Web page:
Once back in England, the RCR remained at Shorncliffe undergoing training for trench warfare, until word came down on 31 October 1915 they were to set sail for France. As Corps Troops initially, RCR formed under the created 3rd Canadian Division, were Brigaded with PPCLI, 42nd Bn (Royal Highlanders of Can) and 49th Bn (Edmonton Reg.), the whole forming the 7th Canadian Infantry Brigade under Command of Brigadier General A.C. MacDonell. 8,9,13-p.134
On 2 June 1916, the Regiment tasted its first battle of importance, the 3rd Battle of Ypres and between June – August, were involved in several trench raids . 8,9, 13-p.135, 136,147,151 In July 1916, William is transferred from the Royal Canadian Regiment, in Field, to the Canadian Army Medical Corps (C.A.M.C.),11 in Field, for the purpose of water duties (proposed transfer for ADWS – 3rd Cdn Div.- Station-in Field). His character has been recognized as good. 10
Ironically, in September 1916, the RCR took part in severe fighting at Courcelette 9 as did the Winnipeg Rifles’ Little Black Devils. William’s nephew, David George Parfitt, is recorded as ‘Missing in Action’ on 26 September (his body never found). During this period of battles on the Somme, C.A.M.C. would have been required nearby. It may only be speculated if William was told of his nephew’s disappearance.
On 5 August 1916, Pte. Woodhouse is promoted to Corporal. 10 His service in France lasts for 28 months before his health show deterioration (although it is noted that he looks younger than stated on his Attestation Paper). 10 By March 1918, William returns to Shorncliffe, England, where he will be re-assigned tasks under the Canadian Postal Corps. 10 His military career comes to an end on 3 July 1919 when he is discharged in Britain. 10
William and Elizabeth Mary Woodhouse reside at 38 Deacon Street, Walworth 2,10 until her mother’s death in 1925 after which they move into her mother’s home at 27 Heygate Street, Walworth. 2,10 Elizabeth Mary Woodhouse, soon follows her mother, when in 1929, she dies. 1,2
Further research is required, but whether or not it was following his brother, George, and family, it appears William ends up in Essex. 1,2 There, in 1933, he marries for a third time to Ellen Lavinia Hammond. 1,2
I believe this is the correct William Woodhouse as Probate records show that a William Woodhouse (who died 1938 Hackney 1,2) and an Ellen Lavinia Woodhouse (who died in 1941 at Billericay 1,2) resided in a home named ‘Keewatin’. Perhaps William harboured special memories of his ten years living in the small town of Keewatin, Ontario, Canada, using the name for his home.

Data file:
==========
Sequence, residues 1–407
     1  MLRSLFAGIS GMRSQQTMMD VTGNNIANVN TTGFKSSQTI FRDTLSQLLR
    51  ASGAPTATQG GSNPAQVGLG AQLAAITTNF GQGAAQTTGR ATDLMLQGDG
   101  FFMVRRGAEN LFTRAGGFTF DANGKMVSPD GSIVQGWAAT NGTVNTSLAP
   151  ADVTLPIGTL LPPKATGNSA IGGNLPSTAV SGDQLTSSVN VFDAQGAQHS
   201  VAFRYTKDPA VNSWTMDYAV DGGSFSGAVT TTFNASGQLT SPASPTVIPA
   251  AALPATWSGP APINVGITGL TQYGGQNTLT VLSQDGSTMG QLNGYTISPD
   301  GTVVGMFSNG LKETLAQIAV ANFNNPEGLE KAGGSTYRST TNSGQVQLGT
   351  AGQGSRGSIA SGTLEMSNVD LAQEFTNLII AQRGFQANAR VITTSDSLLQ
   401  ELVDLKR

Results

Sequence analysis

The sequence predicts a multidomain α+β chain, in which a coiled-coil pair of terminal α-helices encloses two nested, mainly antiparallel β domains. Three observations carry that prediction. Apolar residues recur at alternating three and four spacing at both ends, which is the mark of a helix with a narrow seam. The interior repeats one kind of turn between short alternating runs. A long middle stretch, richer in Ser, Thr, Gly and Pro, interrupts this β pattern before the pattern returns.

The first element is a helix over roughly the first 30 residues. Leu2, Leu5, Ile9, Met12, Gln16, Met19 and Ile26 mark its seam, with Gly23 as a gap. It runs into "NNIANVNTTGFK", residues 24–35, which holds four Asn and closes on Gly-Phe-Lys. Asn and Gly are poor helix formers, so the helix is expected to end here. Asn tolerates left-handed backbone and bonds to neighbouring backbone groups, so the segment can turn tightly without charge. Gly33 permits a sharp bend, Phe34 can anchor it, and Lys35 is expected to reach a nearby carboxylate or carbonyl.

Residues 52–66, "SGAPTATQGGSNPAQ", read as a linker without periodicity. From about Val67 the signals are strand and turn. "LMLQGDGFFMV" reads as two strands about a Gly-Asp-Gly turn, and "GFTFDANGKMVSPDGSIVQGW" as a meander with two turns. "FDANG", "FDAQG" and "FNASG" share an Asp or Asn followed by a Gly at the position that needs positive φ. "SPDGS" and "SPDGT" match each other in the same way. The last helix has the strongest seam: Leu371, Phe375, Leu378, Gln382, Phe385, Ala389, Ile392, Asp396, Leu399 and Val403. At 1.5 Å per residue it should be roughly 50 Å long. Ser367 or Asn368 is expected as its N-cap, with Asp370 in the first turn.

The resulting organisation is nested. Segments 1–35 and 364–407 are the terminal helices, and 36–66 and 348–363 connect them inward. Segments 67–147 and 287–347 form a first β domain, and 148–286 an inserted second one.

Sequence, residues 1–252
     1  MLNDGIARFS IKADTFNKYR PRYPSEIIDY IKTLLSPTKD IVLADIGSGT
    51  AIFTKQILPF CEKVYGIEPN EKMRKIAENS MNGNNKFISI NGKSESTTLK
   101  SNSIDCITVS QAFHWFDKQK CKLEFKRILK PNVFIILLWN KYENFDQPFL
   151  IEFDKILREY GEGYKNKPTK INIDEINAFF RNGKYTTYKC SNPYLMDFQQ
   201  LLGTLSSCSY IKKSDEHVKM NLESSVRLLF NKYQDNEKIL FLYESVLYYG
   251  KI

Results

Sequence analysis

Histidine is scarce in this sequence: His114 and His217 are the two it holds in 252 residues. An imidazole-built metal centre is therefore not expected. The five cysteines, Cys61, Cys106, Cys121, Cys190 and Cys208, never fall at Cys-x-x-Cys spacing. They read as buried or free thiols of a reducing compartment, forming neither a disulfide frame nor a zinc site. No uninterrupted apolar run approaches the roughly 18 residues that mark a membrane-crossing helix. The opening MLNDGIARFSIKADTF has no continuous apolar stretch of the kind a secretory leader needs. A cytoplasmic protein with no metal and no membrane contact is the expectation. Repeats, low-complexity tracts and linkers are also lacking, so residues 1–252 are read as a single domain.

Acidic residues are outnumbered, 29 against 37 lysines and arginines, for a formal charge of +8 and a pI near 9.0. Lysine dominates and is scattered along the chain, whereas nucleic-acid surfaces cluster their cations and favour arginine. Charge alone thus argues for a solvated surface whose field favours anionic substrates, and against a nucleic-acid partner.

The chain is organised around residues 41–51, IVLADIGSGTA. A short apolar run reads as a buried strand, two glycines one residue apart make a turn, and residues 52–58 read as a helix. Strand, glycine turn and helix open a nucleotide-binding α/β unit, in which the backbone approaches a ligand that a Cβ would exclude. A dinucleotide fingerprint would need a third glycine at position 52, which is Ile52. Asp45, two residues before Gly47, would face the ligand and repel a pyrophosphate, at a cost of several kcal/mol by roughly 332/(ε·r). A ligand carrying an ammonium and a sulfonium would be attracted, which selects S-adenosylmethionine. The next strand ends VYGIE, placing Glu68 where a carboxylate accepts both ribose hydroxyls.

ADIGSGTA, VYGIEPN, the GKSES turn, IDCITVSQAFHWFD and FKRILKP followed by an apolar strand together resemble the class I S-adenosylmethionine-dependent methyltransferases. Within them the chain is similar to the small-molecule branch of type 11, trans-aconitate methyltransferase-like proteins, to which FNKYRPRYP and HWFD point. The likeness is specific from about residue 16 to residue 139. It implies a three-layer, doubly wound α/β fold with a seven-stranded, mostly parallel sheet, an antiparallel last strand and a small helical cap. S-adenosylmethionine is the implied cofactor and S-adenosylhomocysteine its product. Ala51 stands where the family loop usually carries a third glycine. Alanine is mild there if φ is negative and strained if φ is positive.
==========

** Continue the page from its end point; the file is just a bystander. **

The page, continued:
To date, no known children have been found that are descended from William Woodhouse. Likewise, his brother, George had one son, Perciville, but no further descendants of the Woodhouse line have been found.
William Woodhouse is commended on the Roll of Honour – the Town of Keewatin, and on the Town of Keewatin Plaque. 12
By Darlene Wolfe
Footnote: Created March 2013; cross reference to Canada Great War Project http://www.canadiangreatwarproject.com/searches/soldierDetail.asp?ID=74504
and to Ancestry.com, Balchin Family tree
1 http://www.freebmd.org.uk/cgi/search.pl and/or certificates
3 Attestation Paper: Link to Attestation Paper
4 1911 Census of Canada, Ontario, Thunder Bay and Rainy River, District No.123,
Keewatin, Sub-district 82, page 8
5 Kenora Miner & News – Kenora Public Library
6 On to Bermuda by Mr. W. H. Hayes (late C.S.M.I.
http://theroyalcanadianregiment.ca/history/1914-1919/bermuda_1914_15.html -The RCR » Regimental History » 1914-1919 » On to Bermuda
8 The RCR – A Brief Regimental History, July 1917
The RCR » Regimental History » 1914-1919 » A Brief Regimental History, July 1917
A BRIEF STORY OF THE HISTORY OF THE ROYAL CANADIAN REGIMENT;
FOR THE USE OF INSTRUCTORS (July, 1917)
9 The RCR – Regimental History 1918
The RCR » Regimental History » 1914-1919 » Regimental History (1918)
The Royal Canadian Regiment (Regimental history published 1918.)
10 Military Records – Library and Archives Canada,
RG 150 Accession 1992-93/166 Box 10553-54 File Cpl Woodhouse William #478032
11 Canadian Army Medical Corps (C.A.M.C.)
War Story of the Canadian Army Medical Corps
12 Roll of Honour – The Town of Keewatin – R.Douglas Fraser Plaque; and,
Town of Keewatin Plaque – For King and Country Members of Municipality of Keewatin who have volunteered for Active Service with Canada’s Fighting Forces 1914-1918.
13 Official History of the Canadian Army in the First World War Canadian Expeditionary Force 1914 – 1919 by Colonel G.W.L. Nicholson, C.D., Army Historical Section